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Panicking over Android’s factory reset is mostly unwarranted | Ars Technica

Panicking over Android’s factory reset is mostly unwarranted | Ars Technica.

Avast claims that selling an old Android phone exposes all your personal data—even after a factory reset.  By using forensics techniques Avast recovered the previous owner’s data from 20 wiped out used phones. Descriptions of the leftover data includes “family photos of children,” “photos of women in various stages of undress,” and “selfies of what appear to be the previous owner’s manhood” 🙂 🙂

There is a big difference between “deletion” and “secure erase.” “Secure erase,” means removing or obfuscating data past the point of practical recovery. Android has a built-in disk encryption feature.The real end game for data protection now is to physically destroy your storage.  In the enterprise, that’s done via a drive crusher.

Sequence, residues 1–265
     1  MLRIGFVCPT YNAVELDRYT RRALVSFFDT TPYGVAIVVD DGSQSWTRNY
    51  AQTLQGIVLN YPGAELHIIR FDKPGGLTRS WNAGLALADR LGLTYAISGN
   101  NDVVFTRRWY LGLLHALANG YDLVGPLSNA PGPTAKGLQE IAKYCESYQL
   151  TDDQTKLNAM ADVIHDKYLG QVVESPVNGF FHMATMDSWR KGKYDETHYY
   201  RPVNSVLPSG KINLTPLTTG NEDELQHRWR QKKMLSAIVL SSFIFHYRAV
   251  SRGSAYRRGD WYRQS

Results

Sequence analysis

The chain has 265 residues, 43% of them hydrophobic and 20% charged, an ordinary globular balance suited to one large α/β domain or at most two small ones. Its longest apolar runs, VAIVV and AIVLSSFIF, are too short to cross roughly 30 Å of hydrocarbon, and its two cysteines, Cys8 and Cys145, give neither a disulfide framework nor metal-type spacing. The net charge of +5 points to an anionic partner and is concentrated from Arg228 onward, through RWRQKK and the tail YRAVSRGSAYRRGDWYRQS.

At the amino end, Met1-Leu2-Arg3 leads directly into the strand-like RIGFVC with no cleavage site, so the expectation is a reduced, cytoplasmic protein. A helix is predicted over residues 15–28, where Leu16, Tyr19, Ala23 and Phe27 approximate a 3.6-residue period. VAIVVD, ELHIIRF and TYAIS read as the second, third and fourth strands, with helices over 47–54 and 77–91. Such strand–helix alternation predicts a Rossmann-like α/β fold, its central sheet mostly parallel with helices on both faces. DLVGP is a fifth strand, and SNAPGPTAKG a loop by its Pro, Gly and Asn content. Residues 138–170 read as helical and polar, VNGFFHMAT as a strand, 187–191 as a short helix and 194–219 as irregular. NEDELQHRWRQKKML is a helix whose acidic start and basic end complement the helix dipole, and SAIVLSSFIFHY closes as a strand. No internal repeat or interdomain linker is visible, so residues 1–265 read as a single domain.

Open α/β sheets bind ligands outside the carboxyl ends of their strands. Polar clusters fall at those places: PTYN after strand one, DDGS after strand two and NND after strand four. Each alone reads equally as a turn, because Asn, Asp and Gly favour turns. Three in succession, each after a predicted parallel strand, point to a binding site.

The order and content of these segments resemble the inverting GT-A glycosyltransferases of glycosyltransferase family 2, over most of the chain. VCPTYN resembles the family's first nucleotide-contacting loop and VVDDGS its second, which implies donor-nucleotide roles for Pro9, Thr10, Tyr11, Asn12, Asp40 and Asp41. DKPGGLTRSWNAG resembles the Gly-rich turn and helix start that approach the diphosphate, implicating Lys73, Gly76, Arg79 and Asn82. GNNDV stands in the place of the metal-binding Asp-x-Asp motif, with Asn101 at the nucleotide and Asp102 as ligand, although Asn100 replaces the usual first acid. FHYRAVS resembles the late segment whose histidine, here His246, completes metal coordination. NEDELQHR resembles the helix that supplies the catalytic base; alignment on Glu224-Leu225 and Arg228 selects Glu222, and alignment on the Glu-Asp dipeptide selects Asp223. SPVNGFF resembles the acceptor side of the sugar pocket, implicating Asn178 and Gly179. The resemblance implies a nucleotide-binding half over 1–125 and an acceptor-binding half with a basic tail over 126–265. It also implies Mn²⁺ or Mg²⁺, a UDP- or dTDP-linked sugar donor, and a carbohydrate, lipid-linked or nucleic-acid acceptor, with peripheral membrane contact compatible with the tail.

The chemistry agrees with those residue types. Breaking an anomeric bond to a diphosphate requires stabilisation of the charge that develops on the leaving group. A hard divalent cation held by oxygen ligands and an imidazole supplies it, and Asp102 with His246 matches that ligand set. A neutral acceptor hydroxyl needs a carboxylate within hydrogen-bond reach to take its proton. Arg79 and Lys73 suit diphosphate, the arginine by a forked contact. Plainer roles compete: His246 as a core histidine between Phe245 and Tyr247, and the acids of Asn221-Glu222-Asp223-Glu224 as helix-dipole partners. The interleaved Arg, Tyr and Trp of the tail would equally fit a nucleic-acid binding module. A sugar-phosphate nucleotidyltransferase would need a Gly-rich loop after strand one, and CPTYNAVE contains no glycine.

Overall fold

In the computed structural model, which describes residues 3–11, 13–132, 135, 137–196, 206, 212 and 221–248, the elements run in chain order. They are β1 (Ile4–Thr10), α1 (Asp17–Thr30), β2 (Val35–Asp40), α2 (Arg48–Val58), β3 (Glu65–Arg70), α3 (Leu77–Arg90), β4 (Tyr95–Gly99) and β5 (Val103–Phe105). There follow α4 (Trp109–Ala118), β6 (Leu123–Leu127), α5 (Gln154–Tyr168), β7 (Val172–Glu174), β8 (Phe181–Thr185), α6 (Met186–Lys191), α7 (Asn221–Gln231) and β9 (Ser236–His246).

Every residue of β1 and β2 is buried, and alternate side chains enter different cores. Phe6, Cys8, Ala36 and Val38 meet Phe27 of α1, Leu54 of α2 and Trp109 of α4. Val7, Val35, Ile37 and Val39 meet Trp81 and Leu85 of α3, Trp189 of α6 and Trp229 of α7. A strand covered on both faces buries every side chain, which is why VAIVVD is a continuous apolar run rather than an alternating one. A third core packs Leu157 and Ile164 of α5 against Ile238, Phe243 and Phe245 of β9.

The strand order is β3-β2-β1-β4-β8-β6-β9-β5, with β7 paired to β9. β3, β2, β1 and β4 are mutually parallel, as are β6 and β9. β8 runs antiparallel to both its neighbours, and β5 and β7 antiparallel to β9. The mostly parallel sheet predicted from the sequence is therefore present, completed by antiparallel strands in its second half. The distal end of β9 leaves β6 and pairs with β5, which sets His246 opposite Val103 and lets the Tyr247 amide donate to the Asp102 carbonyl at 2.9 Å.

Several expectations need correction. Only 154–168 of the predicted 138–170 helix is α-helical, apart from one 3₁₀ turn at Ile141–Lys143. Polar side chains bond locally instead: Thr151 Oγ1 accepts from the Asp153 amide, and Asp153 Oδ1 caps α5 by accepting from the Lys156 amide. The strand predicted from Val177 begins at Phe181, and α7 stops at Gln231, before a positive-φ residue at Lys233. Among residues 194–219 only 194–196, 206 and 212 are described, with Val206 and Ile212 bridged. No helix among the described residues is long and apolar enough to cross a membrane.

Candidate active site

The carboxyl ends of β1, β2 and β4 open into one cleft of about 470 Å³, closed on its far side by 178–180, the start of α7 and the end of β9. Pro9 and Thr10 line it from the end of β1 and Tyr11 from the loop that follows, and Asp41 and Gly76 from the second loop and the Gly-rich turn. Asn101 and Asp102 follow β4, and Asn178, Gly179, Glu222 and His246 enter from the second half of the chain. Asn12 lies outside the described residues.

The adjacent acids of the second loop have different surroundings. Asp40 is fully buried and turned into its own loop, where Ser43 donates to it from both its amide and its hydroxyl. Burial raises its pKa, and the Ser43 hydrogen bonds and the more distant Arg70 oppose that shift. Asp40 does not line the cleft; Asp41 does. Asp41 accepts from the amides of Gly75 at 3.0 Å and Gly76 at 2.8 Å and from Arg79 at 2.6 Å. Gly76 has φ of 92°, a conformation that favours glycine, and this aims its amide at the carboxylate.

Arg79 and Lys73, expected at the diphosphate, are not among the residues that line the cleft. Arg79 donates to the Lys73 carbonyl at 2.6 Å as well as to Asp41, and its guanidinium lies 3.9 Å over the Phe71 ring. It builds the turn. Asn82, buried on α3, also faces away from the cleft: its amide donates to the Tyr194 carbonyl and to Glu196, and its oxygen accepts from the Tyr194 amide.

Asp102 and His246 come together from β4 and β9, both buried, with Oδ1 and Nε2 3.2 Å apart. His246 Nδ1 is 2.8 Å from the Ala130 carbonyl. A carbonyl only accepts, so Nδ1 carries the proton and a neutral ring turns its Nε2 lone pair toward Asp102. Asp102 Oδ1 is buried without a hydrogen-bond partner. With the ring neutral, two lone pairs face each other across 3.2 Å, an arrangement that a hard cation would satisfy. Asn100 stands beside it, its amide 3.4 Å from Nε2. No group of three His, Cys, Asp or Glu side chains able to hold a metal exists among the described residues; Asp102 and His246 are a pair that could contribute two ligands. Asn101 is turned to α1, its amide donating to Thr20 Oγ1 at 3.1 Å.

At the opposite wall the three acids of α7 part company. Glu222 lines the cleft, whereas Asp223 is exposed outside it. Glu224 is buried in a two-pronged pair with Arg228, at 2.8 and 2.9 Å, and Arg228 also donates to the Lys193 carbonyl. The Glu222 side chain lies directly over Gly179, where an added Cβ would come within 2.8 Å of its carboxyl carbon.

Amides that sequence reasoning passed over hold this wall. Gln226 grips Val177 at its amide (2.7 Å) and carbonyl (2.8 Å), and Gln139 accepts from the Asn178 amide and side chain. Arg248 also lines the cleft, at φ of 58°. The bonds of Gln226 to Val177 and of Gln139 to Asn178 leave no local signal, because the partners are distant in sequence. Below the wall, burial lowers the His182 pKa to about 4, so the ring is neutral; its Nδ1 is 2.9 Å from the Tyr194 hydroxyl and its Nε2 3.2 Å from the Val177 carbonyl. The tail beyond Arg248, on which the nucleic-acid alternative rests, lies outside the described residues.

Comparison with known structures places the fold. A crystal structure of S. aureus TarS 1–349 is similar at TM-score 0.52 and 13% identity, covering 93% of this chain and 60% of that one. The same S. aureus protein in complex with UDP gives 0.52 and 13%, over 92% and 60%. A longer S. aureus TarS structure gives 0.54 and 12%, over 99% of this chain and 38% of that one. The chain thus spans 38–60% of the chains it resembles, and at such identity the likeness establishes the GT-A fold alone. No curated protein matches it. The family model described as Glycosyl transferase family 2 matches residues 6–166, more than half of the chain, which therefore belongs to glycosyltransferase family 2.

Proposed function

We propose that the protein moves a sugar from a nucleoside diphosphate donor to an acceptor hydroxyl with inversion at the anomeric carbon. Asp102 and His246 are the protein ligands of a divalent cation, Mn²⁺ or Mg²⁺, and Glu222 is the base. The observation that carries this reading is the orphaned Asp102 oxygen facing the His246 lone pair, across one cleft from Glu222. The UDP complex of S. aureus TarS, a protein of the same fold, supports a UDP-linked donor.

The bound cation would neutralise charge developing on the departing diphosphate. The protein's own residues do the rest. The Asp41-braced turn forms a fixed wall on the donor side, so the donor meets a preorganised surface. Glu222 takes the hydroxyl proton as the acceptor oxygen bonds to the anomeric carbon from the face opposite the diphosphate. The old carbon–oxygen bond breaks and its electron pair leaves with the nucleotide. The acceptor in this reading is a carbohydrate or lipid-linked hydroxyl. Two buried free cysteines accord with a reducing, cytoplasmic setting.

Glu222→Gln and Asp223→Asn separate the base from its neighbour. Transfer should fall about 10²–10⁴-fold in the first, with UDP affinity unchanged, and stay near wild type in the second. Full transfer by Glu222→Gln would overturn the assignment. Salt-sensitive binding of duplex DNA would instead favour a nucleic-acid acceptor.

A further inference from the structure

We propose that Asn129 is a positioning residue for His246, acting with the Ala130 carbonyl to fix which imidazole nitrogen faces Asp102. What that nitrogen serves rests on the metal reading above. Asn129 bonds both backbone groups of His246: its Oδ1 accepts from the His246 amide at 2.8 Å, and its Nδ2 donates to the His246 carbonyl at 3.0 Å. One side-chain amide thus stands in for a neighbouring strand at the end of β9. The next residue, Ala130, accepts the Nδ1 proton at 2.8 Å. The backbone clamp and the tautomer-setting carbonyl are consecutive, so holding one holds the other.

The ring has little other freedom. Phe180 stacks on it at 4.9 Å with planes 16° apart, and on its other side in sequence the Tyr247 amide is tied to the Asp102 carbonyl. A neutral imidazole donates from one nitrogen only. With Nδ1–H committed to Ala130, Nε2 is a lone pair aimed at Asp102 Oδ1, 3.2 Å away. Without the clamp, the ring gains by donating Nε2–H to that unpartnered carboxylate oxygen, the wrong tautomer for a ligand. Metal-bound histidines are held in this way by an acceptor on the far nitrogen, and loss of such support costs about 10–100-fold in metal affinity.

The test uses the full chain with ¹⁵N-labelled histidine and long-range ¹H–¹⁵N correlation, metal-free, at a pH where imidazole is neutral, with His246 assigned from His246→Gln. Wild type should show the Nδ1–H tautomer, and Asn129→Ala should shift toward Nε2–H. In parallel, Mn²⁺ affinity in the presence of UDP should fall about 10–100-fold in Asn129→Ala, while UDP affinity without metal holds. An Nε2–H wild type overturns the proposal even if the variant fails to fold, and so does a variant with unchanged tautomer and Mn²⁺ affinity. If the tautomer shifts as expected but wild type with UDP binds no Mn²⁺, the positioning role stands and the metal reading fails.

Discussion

So if you want to sell your Android phone and be relatively secure, encrypting it before you wipe it or crush it :-). What about organizing old Android phones crushing parties 🙂 ?

Deep Black: More details on Boeing’s new secure Android smartphone | Ars Technica

Deep Black: More details on Boeing’s new secure Android smartphone | Ars Technica.

Another secure smartphone being released, after Samsung, Boeing. There is a trend towards secure smartphones with each country having a dedicated one and some vendors (such as Samsung) providing some. Yet the question of performance, boot time and access to the service stays complete. So far, there has been no report on the actual speed of access to the service on these smartphones.